For example, in 1995, Kohl’s decided to eliminate the entire electronics department, with the exception of clocks, which moved over to housewares. The ax didn’t fall overnight. For a couple of years, the electronics business had been flat, and the gross margins were terrible. We simply didn’t want to compete with the up and coming Best Buys and other big boxes starting to enter our markets. This wholesale elimination of a department, complete with glass caselines, registers (yes, back then not all registers were ‘ganged’ up at the front of the store like they are now), was a major expense and took a great deal of planning. The winner of most of the space formerly occupied by electronics: sport apparel, which jumped the aisle where it had typically been located with athletic shoes, allowing for an expansion of shoes as well.
Even though we walked away from over $75 million of electronics business, we replaced it with much more profitable Nike, Reebok and eventually Champion fleece and other sport apparel and became recognized as having the best assortments in this category in our marketplace. It was a great example of taking a short term hit for a long term gain.
In 1996 and 1997, Jay Baker and the merchants made a similar move to get the company out of three other lower gross margin businesses: lamps, window treatments and ‘knockdown’ furniture (the stuff made with particle board that you can now buy at a Home Depot). In addition to the fact that these businesses did not generate the same kind of higher gross margins that were being generated by almost all the other departments in the store, Jay Baker also realized that we did not have the space to make strong merchandise ‘statements’ to our customer. Why be in the business if you couldn’t present enough styles to convey to the customer that you’re a ‘destination’ business? In other words, we wanted to position ourselves so that we were dominant enough in a particular market that shoppers would get in their cars and come to our store to find specific products.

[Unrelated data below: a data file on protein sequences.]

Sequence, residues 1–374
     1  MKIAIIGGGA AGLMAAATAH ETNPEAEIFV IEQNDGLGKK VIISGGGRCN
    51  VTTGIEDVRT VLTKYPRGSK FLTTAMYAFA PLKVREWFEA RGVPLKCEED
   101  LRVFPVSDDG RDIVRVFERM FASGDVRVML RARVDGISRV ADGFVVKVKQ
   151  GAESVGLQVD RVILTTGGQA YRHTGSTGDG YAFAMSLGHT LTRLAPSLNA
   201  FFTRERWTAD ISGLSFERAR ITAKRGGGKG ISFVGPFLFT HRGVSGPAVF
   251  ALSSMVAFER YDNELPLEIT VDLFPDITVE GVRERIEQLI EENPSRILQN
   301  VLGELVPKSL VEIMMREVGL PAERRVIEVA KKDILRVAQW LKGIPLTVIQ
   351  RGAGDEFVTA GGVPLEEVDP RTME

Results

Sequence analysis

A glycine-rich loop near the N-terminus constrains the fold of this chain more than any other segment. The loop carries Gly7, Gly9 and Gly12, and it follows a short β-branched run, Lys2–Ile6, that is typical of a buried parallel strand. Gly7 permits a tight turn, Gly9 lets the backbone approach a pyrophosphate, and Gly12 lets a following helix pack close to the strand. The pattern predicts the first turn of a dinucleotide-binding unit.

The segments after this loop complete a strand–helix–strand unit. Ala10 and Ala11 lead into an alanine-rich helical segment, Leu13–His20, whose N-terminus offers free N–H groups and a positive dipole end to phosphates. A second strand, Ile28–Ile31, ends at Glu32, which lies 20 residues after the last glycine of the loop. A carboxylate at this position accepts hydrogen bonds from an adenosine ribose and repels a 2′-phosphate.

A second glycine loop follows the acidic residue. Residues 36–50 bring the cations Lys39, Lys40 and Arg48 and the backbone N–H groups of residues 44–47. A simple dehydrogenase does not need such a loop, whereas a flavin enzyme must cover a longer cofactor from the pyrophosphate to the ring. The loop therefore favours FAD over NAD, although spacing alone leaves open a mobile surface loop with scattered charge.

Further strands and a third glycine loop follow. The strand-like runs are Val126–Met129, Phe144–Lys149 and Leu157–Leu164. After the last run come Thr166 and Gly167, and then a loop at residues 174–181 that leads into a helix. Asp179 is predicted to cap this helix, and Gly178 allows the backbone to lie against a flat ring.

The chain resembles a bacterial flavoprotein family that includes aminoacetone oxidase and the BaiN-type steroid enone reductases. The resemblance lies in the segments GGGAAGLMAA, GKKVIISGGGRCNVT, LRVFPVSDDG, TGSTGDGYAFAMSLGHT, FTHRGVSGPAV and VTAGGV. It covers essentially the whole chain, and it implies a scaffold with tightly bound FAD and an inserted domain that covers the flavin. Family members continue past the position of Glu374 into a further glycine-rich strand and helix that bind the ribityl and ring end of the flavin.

The stores loved the idea of getting out of the furniture business: sales of the larger pieces usually required a “carryout,” a stockperson who’d be paged by a sales associate to go to the back and bring out a box and meet the customer in the front. All fine and well, but in Kohl’s low-cost culture mode, only occasionally was a guy specifically scheduled for the task, so someone often had to be pulled from another duty. Even on its best days, it was not a particularly efficient process!